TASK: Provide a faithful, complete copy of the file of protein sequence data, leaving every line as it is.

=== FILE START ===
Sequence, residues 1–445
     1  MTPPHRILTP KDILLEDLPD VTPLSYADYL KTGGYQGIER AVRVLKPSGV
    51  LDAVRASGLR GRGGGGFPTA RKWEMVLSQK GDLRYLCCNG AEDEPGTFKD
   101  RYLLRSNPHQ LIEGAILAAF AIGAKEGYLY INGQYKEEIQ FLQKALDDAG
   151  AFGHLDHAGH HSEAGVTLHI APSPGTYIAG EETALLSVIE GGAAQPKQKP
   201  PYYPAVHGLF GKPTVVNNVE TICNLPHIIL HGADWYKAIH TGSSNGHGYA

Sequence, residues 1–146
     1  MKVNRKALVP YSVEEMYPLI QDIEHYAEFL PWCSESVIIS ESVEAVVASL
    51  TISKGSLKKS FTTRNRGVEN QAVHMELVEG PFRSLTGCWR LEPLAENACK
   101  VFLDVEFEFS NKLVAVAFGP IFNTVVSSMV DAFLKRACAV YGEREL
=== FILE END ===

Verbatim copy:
Sequence, residues 1–445
     1  MTPPHRILTP KDILLEDLPD VTPLSYADYL KTGGYQGIER AVRVLKPSGV
    51  LDAVRASGLR GRGGGGFPTA RKWEMVLSQK GDLRYLCCNG AEDEPGTFKD
   101  RYLLRSNPHQ LIEGAILAAF AIGAKEGYLY INGQYKEEIQ FLQKALDDAG
   151  AFGHLDHAGH HSEAGVTLHI APSPGTYIAG EETALLSVIE GGAAQPKQKP
   201  PYYPAVHGLF GKPTVVNNVE TICNLPHIIL HGADWYKAIH TGSSNGHGYA

Sequence, residues 1–146
     1  MKVNRKALVP YSVEEMYPLI QDIEHYAEFL PWCSESVIIS ESVEAVVASL
    51  TISKGSLKKS FTTRNRGVEN QAVHMELVEG PFRSLTGCWR LEPLAENACK
   101  VFLDVEFEFS NKLVAVAFGP IFNTVVSSMV DAFLKRACAV YGEREL